Eco-Mortgage Savings II

Energy-Efficient Further to our story yesterday, it’s worthy to note that Genworth has an Energy-Efficient Housing Program (EEHP) as well.

The program is very similar to CMHC’s.  Qualified homeowners get a 10% discount on their Genworth insurance premium, as well as a 40-year amortization with no additional insurance charge. 

Qualifying is also largely the same:  a 77 EnerGuide rating or a R-2000 rating, etc.  Here’s Genworth’s full requirements.  EEHP customers also get access to Genworth’s Homebuyer Privileges program.

We’ll also point out that AIG United Guarantee is developing an efficient energy program as well.  According to the company representative we spoke with, it’s expected soon.

In addition to mortgage insurance savings, there are naturally other benefits to having an energy efficient house.  Estimates are that people can save up to 30% on their annual utility costs by having a house that meets EnerGuide 77 standards.  Typical new homes are rated about 68.

You might also be eligible for up to $5000 from the government if you environmentally retrofit your existing house.  (More info)

In coming years, most new houses will probably have to meet efficiency standards regardless.  Certain provinces have, or are considering, legislation that requires all new homes to meet EnerGuide 77 or 80 ratings by 2010-2012.  If that happens, it’s possible insurers would increase their efficient-housing standards so homeowners don’t get the insurance discounts by default.

  1. On top of the federal program, most provinces offer one. Also, many municipalities and energy providers have the same. It’s worth a quick look on their respective websites.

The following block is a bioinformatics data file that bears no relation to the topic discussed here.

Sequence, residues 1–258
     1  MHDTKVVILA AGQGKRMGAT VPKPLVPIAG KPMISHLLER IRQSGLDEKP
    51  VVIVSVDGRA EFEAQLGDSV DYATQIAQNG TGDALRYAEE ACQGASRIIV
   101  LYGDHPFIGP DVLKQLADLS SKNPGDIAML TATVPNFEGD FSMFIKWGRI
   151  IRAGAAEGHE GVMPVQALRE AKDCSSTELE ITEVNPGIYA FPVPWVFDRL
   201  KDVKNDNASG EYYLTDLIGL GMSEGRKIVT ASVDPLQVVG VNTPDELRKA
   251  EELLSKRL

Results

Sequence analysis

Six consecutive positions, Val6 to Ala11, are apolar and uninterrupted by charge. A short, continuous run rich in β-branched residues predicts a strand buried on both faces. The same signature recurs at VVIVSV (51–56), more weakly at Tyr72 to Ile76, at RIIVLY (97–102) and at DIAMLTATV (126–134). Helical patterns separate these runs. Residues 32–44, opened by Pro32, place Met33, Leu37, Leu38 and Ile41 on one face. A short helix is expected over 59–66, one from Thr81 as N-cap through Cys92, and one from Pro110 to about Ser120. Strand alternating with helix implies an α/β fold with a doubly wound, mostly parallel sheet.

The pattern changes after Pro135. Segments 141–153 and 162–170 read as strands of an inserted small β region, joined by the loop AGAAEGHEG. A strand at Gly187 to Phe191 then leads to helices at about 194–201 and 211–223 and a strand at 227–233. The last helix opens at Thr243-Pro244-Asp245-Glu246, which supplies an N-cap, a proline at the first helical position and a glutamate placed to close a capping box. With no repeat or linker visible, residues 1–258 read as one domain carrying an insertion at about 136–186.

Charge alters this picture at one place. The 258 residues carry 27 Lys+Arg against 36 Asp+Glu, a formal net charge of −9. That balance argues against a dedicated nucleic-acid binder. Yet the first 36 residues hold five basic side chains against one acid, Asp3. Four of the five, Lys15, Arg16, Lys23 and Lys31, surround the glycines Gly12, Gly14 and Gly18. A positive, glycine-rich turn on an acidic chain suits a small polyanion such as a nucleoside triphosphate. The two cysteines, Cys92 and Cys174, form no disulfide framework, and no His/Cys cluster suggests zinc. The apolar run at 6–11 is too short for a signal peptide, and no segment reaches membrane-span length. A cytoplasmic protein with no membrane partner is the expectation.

2. I thought the insurance premium on a CMHC mortgage was to compensate for risk of default.
    Is someone with efficient windows really a lower default risk than the rest of us?
    When did the CMHCs mandate become environmental stewardship? If it is, then what exactly is the standard for environmental friendliness?
    Should a 650sq foot condo in a highrise have a lower premium than a 1650sq foot house? What about people who live in neighboorhoods that are close to mass transit?
    Should the CMHC work to promote cultural diversity or “family values” too?

  3. CMHC’s mandate is more than just insuring mortgages. They are an agent of the government and as such also have other goals such as providing housing to the poor, increasing the quality of housing, lowering borrowing costs and helping the environment.
    In 2006 CMHC spent roughly $2 billion in parliamentary appropriations (around 1/3 of their operating revenue) on housing programs to achieve those goals.
    Also as far as GE’s energy program is concerned I would be surprised if the program wasn’t subsidized by CMHC

  4. Does CMHC’s precise mandate even matter in this case? They’re doing something good for the environment and saving Canadians money. What is the issue?

  5. It does raise a good question though, should that smaller condo in downtown, that costs the same as the mansion in the burbs, have the same premium rebate for energy efficiency? If that is the goal of the rebate, maybe it deserves a higher rebate? All other things being equal in terms of building efficiency, the condo has a smaller carbon footprint. Plus the added assumption that the commute to work to more efficient (walk? bike?), doesn’t the condo homeowner deserve a lower premium? If that is one of the goals of CMHC?

  6. Based on the responses to my questions, I think I can tell who bought Low-E windows and a new washer/dryer recently!
    I love the blog BTW. Without this resource, the CHMC could invade Poland and there wouldn’t be a public forum for people to question it.
    David Dodge’s public rift with the CMHC revealed that they really aren’t under anyone’s control. If they aren’t held up to more public scrutiny, they will probably go “Fanny and Freddy” on us eventually.

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